Donsol is best known for its whale shark interaction program. Whale sharks are the world’s largest fish and can weigh up to 20 tons (and despite the name are harmless filter feeders). There are three sessions per day for up to 30 outriggers to go out for up to three hours each carrying up to 6 clients (if, like us, you are in a smaller party you can get a private boat).
On each boat there are several spotters and the “butanding” are spotted when their black tails momentarily breach the water. There is then a frenzy as the boats cluster and jostle to discharge their swimmers in the butanding’s projected path (at one point we counted 24 boats in a pack which prompted our captain to turn the boat around and go out alone).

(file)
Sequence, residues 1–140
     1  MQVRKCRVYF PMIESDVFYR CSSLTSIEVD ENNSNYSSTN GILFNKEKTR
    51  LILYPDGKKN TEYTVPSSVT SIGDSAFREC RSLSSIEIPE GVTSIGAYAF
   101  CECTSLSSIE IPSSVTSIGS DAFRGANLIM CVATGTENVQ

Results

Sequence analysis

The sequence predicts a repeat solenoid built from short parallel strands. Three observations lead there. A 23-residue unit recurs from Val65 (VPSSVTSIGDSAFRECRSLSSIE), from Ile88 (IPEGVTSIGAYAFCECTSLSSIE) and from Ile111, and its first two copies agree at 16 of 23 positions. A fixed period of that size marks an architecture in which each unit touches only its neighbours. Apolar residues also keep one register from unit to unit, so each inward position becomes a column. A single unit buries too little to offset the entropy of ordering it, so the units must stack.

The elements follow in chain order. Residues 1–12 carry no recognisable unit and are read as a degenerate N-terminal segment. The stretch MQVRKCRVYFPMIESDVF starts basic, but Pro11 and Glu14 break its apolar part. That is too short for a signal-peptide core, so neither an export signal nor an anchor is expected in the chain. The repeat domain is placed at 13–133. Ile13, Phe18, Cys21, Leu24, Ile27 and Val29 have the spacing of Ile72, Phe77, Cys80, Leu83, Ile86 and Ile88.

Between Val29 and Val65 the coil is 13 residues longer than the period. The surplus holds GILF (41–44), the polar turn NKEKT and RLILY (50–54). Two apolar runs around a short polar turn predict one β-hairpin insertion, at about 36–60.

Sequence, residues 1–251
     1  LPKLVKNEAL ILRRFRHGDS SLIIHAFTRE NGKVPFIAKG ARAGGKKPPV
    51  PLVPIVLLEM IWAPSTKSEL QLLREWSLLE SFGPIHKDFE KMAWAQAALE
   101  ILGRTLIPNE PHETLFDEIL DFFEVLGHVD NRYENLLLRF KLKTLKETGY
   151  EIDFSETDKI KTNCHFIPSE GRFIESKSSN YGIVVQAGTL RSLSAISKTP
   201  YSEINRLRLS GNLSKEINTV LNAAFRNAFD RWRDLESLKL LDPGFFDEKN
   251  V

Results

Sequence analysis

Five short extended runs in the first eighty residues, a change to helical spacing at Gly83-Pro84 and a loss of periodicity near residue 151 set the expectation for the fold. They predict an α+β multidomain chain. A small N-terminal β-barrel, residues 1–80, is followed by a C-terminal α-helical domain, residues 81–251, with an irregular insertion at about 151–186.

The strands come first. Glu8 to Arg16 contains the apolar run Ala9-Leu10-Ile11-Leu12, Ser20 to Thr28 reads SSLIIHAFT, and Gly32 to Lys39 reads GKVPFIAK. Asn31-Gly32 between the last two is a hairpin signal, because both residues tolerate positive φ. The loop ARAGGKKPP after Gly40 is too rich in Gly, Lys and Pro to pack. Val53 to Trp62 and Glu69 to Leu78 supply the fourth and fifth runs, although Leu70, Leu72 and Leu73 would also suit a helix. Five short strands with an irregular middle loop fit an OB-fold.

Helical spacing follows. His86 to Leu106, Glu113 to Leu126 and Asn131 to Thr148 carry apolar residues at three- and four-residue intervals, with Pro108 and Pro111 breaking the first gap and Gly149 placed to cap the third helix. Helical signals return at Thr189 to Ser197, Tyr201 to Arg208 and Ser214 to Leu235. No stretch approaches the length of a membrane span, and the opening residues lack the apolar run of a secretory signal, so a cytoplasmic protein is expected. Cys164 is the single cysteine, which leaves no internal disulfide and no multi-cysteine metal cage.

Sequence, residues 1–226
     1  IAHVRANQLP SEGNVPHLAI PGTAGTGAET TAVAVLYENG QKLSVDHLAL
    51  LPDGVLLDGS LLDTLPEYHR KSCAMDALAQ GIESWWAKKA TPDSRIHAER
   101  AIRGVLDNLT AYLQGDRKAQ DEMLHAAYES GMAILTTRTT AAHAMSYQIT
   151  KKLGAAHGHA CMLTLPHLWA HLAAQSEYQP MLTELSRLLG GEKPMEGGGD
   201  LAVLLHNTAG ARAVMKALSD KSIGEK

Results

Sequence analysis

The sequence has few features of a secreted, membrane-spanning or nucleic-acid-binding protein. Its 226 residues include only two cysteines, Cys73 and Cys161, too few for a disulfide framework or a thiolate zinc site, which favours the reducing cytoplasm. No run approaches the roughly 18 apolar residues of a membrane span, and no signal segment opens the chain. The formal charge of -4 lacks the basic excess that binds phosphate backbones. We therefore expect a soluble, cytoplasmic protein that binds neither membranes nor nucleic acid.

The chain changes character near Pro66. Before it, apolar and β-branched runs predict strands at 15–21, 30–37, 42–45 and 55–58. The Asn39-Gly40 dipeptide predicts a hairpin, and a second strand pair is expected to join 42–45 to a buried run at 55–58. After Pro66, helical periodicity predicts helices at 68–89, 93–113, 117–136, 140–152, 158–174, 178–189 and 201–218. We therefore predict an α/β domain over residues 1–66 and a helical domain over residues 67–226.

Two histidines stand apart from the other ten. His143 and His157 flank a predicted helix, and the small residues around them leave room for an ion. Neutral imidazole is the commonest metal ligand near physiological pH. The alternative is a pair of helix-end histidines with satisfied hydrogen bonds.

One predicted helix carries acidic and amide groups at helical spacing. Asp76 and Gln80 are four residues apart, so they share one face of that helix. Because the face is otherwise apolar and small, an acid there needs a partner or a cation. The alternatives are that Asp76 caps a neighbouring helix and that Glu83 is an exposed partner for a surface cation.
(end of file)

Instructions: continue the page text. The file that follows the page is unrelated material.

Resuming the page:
I felt a little sorry for the butanding – reclusive celebrities being pursued by the paparrazi. However, if popularity is the price of conservation then I guess that is a fair bargain. In days gone past the resources that are now committed to whale shark spotting may well have been committed to fishing them.
On our last morning in Donsol we hit the jackpot and saw five whale sharks before many other boats were out and were able to swim with then for some time. Very big, very graceful – which makes it very sad to see videos like this one from Wild Life Risk about the trade in whale sharks.
Out on the boat you can see Mount Mayon, an active volcano which dominates the skyline and has claimed its dues over the years with 48 recorded eruptions (5 hikers were killed by a minor eruption in 2013). The town of Legaspi sits at the base of the volcano and flying out from Legaspi Airport we had great views of Mount Mayon.